According to two recent decisions from Circuit Courts in Virginia, members of Virginia Limited Liability Companies do not owe any common law or statutory fiduciary duties to each other. Instead, they only owe duties to the LLC as an entity.
In WAKA, LLC v. Humphrey, 73 Va. Cir. 310 (2007) one of the LLC's members sued the other members individually for, inter alia, breach of fiduciary duty. The other members moved to dismiss the claim. The court, therefore, had to determine whether managers, members and member-managers of Virginia LLCs owed fiduciary duties to each other. The LLC's Articles of Organization and Operating Agreement were silent as to the issue. Turning to the Virginia Code, the court found it silent as well. But when the court compared the provisions of the Virginia LLC Act with those of the Partnership Act, it found distinct differences. Most significantly, the Partnership Act contains express provisions relating to fiduciary duties owed to the partnership and other partners. The LLC Act does not. In addition, the LLC Act permits members to transact business with the LLC in the same way as non-members, compared to the Partnership Act which prohibits a partner from dealing with the partnership where the partner's interest is adverse to that of the entity.
Based upon these distinctions, the court held that the absence of statutory language creating fiduciary duties in the LLC context was intentional. Thus, members of an LLC do not owe fiduciary duties to each other, even if one is a member-manager. The only duties are owed by the member-manager to the LLC as an entity. To create such fiduciary duties, however, the LLC Act permits the members to include such provisions in the articles of organization or the operating agreement.
In the second case, Remora Investments, LLC v Orr, 2007 Va. Cir. LEXIS 198, the court considered whether an LLC member could bring a direct action against the manager of that LLC for breach of fiduciary duty. In its analysis, the court reviewed prior decisions of the Virginia Supreme Court which held that a member of an LLC owed a fiduciary duty to the LLC itself, Flippo v. CSC Assocs., http://www.courts.state.va.us/opinions/opnscvwp/1002183.pdf (2001), and that a minority shareholder in a closely held corporation could not bring an action against corporate officers or directors for breach of fiduciary duty in an individual, as opposed to derivative capacity. Simmons v. Miller, http://www.courts.state.va.us/opinions/opnscvwp/1000785.pdf (2001). The court also relied upon WAKA, LLC v. Humphrey, supra.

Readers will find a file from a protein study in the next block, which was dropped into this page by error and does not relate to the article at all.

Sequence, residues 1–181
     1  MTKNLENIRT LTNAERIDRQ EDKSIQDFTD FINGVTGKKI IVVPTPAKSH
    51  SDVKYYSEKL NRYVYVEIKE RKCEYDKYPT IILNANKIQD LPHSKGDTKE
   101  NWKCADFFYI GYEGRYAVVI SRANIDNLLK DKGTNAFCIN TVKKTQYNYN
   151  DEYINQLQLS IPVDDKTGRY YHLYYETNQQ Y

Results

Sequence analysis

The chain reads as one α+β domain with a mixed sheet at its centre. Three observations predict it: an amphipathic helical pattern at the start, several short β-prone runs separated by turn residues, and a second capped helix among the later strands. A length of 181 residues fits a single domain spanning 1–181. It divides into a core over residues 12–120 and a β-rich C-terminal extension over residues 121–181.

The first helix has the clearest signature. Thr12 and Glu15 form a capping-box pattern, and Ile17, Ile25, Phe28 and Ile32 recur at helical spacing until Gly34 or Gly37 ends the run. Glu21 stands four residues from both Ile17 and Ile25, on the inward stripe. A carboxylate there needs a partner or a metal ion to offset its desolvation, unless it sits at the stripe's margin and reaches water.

Noting that the LLC in Remora was manager-managed as opposed to member-managed, the court found that the Virginia Code did not differentiate among managers and member-managers with regard to duties owed to the LLC. And, the Operating Agreement did not provide that any fiduciary duties were owed by the manager to the members themselves. Accordingly, the court concluded that a claim for breach of fiduciary duty could only be maintained against another member or manager of an LLC in a derivative capacity.
These cases are cautionary tales for those in business who do not appreciate all of the distinctions between LLCs and partnerships. It is not unusual for disputes to arise between partners or members of LLCs. Those disputes sometimes result in unfair business practice type claims being asserted against other partners/members. In the absence of careful drafting of the organizational documents, however, in the LLC context, members may find the fiduciary duties they expect to protect them, non-existent.